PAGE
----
Urolithiasis is a common, disturbing disease with high recurrent rate (60% in five years). Accurate identification of
urinary stone composition is important for treatment and prevention purpose. Our previous studies have demonstrated
that micro-Raman spectroscopy (MRS)-based approach successfully detects the composition of tiny stone powders after
minimal invasive urological surgery. But quantitative analysis of urinary stones was not established yet. In this study,
human urinary stone mixed with two compositions of COM, HAP, COD, and uric acid, were analyzed quantitatively by
using a 632.98 nm Raman spectrometric system.
This quantitative analysis was based on the construction of calibration curves of known mixtures of synthetically
prepared pure COM, HAP, COD and uric acid. First, the various concentration (mole fraction) ratio of binary mixtures
including COM and HAP, COM and COD, or COM and uric acid, were produced. Second, the intensities of the
characteristic bands at 1462cm <sup>-1</sup>(I<sub>RCOM</sub>), 1477cm<sup>-1</sup>(I<sub>RCOD</sub>), 961cm<sup>-1</sup>(IRHAP) and 1402cm<sup>-1</sup>(I<sub>Ruric acid</sub>), for COD, COM, HAP
and uric acid were used respectively for intensity calculation. Various binary mixtures of known concentration ratio were
recorded as the basis for the quantitative analysis. The ratios of the relative intensities of the Raman bands corresponding
to binary mixtures of known composition on the inverse of the COM concentration yielded a linear dependence. Third,
urinary stone fragments collected from patients after management were analyzed with the use of the calibration curve
and the quantitative analysis of unknown samples was made by the interpolation analysis. We successfully developed a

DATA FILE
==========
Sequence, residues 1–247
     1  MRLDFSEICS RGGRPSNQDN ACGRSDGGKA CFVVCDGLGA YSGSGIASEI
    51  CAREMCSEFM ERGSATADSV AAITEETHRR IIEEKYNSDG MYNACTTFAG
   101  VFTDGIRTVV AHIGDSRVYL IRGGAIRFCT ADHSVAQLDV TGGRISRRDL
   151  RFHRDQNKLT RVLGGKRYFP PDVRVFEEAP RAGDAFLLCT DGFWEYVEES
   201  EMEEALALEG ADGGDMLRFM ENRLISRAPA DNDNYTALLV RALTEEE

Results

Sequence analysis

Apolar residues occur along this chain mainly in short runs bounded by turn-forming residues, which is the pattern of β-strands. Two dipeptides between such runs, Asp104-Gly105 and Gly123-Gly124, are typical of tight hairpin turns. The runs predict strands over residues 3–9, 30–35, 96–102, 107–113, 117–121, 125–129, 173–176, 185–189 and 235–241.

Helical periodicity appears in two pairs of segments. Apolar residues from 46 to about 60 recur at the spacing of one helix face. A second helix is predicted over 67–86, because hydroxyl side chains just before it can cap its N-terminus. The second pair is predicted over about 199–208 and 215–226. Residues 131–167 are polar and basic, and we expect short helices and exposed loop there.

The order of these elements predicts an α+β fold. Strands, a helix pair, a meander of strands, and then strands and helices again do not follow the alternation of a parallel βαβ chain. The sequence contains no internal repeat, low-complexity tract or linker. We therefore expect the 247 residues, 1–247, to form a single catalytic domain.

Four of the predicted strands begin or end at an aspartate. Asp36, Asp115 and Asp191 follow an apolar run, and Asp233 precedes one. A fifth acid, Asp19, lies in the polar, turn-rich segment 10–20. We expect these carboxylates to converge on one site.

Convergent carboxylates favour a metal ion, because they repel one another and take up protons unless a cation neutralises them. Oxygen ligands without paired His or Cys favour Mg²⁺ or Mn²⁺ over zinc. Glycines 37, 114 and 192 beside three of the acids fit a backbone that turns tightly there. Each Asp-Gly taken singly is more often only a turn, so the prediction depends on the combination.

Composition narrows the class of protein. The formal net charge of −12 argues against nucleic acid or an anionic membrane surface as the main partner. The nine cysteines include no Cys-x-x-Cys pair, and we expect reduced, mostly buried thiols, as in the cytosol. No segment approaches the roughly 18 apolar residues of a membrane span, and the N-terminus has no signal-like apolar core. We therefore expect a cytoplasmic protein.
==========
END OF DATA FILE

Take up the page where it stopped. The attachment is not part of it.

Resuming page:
MRS-based quantitative analytical method for measuring two composition.
Urolithiasis is a common, disturbing disease with high recurrent rate (60% in five years). Accurate diagnosis of urinary
stone composition is important in preventing stone recurrence. With the improvement in minimal invasive urological
surgery, such as ureteroscopic lithotripsy, and extracorporeal shock wave lithotripsy, stone management becomes not so
suffering and effective than before. However, the new problem arises in that less and less stone fragments could be
collected because of tiny expelled stone powder after MIUS. The goal of this study is to use Raman spectroscopy (RS) to
analyze small stone fragments collected from urine of patients with urolithiasis after MIUS.
First, data from five main urinary stones [Calcium oxalate monohydrate (COM), Dicalcium phosphate dehydrate(DCPD),
Calcium phosphate hydroxide(hydroxyl apatite, or HAP), Calcium oxalate dehydrate(COD), and uric acid] were
established in RS database. Second, we used RS and clinical Fourier Transform Infrared Spectroscopy (FTIR) to analyze
stone fragments collected from patients with urolithiasis. Seventeen patients were enrolled in the study and all had
comparable results between RS detection and clinical analysis by FTIR.
RS approach has successfully detected tiny stone powders with or without fluorescence photobleaching. We successfully
measured COM, DCPD, HAP, COD, and uric acid stones. This study demonstrated the feasibility of using RS for conducting the clinical stone analysis from the tiny urinary stone sample. It provided satisfying results and could be applied on clinical practice.